BEEF bits

News
Nov 6, 2009
by DTN

 

BEEF bits

 

Ground beef linked to deaths

A recall of more than 500,000 pounds of ground beef, manufactured at Fairbanks Farms, for E. coli O157:H7, has now been linked to two deaths, according to the U.S. Centers for Disease Control. More than 28 people have also been sickened by the tainted product. The first fatality was reported in New Hampshire on Oct. 31; the second case was reported by New York state officials last week. The ground beef was sold under the Price Chopper, Trader Joe’s and Shaw’s labels along with several other smaller retail labels.

Texas Beef Council tries new approach

The Texas beef checkoff’s Hispanic public relations outreach has taken a new direction focusing on nutrition and delivering newsworthy beef information. To answer the growing need for Spanish-language resources, registered dietitian and diabetes educator Martha Cortez McHenry partnered with the Texas Beef Council to deliver nutrition information through multiple Spanish-language media outlets. McHenry recently conducted two interviews on popular Spanish-language television stations in Dallas, Houston and San Antonio on behalf of the Texas beef checkoff. Each segment featured the perfect nutrientrich plate for Hispanic consumers, including colorful fruits and vegetables, whole grains, lowfat and nonfat dairy and lean beef. The television interviews reached more than 128,000 consumers.

McDonald’s beef rumor circulating

A false rumor about McDonald’s is once again circulating via e-mail and the Internet, according to the National Beef Cattlemen’s Association (NCBA). The rumor claims McDonald’s refuses to buy U.S. beef, and imports potentially unsafe beef from South America. The e-mail reportedly asks recipients to boycott McDonald’s. NCBA reports it has received several questions about the e-mail, which has been circulating in various forms for at least seven years. The e-mail incorrectly claims to be from the Texas Cattle Feeders Association (TCFA), however, TCFA officials say they have no connection to the circulating email.

Environmentalist will speak at CSU

Founder of the Earth Policy Institute, Lester Brown, who has authored or co-authored over 50 books, will be speaking later this month at Colorado State University (CSU). The Earth Policy Institute is an organization dedicated to “developing and implementing a plan for sustainable future,” according to CSU officials. On Thursday, Nov. 19, Brown will be giving a free lecture about his new book, Plan B 4.0, in which he presents a road map and vision for achieving an environmentally sustainable economy. An open-forum discussion following the lecture will involve a panel of noted on-campus experts covering the areas of Animal Sciences, Agricultural and Resource Economics, and Sociology.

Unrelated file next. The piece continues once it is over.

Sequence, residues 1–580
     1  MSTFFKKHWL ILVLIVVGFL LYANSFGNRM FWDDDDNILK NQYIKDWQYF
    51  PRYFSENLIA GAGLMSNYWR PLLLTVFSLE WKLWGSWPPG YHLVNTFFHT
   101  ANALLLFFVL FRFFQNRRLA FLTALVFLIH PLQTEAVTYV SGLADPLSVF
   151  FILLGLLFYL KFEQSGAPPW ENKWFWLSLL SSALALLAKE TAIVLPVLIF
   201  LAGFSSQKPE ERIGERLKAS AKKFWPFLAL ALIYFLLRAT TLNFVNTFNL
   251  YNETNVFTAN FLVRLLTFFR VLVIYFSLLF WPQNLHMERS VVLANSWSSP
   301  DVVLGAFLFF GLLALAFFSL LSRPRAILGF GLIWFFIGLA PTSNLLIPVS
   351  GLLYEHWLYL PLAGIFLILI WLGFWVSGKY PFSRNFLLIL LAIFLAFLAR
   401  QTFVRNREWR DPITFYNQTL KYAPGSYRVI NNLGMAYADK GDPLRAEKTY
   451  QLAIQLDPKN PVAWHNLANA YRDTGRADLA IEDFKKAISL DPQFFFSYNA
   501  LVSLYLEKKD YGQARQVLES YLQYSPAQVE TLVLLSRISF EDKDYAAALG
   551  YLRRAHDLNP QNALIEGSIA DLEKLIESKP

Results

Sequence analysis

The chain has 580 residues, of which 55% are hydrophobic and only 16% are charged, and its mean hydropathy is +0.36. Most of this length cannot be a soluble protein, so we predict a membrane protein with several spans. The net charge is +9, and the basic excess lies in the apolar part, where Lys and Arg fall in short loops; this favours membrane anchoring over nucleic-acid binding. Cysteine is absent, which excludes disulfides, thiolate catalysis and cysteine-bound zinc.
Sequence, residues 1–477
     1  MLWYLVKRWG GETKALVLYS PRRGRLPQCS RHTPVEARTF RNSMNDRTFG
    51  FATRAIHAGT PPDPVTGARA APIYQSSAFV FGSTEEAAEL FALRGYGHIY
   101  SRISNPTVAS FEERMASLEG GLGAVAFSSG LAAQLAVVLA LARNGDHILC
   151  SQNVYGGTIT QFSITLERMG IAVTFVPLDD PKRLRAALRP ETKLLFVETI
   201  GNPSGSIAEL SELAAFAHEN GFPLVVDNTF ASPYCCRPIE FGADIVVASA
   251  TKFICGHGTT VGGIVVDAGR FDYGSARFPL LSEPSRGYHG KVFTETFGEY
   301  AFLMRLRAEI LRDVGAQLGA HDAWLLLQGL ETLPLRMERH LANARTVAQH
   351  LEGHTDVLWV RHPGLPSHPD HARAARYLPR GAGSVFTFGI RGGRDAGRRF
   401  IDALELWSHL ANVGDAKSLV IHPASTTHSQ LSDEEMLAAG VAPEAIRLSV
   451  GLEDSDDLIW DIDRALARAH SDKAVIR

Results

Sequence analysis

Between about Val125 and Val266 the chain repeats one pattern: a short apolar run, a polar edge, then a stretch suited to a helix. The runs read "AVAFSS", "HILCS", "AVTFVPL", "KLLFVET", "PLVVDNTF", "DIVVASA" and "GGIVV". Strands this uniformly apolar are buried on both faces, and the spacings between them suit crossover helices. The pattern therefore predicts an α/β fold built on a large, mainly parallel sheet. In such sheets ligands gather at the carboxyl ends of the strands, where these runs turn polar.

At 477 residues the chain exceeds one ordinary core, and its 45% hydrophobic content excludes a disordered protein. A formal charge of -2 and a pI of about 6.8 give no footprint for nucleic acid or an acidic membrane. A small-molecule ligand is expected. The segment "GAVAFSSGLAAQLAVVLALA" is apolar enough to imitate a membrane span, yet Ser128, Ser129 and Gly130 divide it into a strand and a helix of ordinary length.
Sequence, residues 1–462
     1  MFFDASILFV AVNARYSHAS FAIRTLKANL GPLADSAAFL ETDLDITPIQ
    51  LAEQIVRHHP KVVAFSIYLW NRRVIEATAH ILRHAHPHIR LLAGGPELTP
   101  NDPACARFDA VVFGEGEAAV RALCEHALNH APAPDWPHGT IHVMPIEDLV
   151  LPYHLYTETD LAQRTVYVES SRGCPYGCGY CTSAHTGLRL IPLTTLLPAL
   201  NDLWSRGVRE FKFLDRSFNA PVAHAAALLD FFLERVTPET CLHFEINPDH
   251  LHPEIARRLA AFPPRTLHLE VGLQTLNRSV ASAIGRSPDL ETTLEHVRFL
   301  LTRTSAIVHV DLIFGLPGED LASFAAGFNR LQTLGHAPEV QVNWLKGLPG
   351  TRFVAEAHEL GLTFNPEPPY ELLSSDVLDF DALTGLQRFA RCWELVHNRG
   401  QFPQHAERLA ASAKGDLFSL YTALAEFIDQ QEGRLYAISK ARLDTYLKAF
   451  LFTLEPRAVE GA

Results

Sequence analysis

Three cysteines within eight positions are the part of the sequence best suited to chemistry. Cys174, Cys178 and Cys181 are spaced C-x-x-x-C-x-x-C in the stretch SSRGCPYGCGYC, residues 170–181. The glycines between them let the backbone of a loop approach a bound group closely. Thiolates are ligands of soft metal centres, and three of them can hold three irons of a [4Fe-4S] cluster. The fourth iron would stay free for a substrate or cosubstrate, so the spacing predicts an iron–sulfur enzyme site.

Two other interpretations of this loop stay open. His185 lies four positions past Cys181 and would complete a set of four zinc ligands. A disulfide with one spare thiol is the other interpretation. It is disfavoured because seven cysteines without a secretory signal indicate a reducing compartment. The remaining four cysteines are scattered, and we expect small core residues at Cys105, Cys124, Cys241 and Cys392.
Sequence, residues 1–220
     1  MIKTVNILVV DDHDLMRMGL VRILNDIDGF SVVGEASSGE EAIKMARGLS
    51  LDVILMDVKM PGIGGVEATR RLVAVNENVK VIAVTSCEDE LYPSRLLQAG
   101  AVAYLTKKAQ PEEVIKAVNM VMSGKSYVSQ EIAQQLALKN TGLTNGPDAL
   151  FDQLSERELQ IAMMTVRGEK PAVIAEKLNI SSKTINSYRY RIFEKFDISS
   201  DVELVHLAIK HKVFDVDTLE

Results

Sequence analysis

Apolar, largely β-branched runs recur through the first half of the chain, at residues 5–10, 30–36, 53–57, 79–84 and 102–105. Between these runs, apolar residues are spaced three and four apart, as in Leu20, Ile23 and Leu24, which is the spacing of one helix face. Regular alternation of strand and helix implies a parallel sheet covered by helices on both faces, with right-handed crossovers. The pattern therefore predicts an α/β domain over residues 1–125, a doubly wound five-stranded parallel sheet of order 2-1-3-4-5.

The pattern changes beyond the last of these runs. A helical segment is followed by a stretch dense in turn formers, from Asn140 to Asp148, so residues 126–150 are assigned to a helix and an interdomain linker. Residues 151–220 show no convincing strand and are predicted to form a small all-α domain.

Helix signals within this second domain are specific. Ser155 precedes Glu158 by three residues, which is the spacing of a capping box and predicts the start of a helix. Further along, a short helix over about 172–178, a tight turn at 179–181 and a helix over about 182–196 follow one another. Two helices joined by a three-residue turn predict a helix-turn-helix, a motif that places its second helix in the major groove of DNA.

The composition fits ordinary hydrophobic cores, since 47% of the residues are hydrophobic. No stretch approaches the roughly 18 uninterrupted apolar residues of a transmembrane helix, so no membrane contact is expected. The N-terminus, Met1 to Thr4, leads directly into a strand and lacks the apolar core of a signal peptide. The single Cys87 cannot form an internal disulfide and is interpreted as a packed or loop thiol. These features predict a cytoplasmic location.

USDA shutters veal packer

After a shocking video showing abuses by workers at a Vermont veal plant was turned over to USDA officials, they moved quickly to close the plant and condemn the activities taking place there. The undercover video footage was recorded by members of the Humane Society of the United States. The footage shows veal calves being kicked, slapped and repeatedly shocked with electric prods. “The deplorable scenes recorded in the video released by the Humane Society of the United States are unequivocally unacceptable. The callous behavior and attitudes displayed in the video clearly appear to be violations of USDA’s humane handling regulations,” said Ag Secretary Tom Vilsack. He called for a criminal investigation into the incident after Food Safety Inspection Service personnel were implicated.

Aussies sell organic beef to China

An organic beef company from the Queensland’s Channel Country hopes to become the first to sell organic beef into China. The OBE company already exports product around the world, including into Japan, Malayasia and Singapore, but there’s no organic beef available in China. The company’s Dalene Wray has been living in Beijing to develop the market and says there’s huge potential. “There’s a lot of very wealthy people in China,” she says. “There’s a lot of people in China concerned about what they are eating. They already have a very big organic pork and organic chicken production base, so it would make sense that there would be people interested in organic beef. Realistically, we’re hoping to put reasonable volumes there in the next 12 months.”

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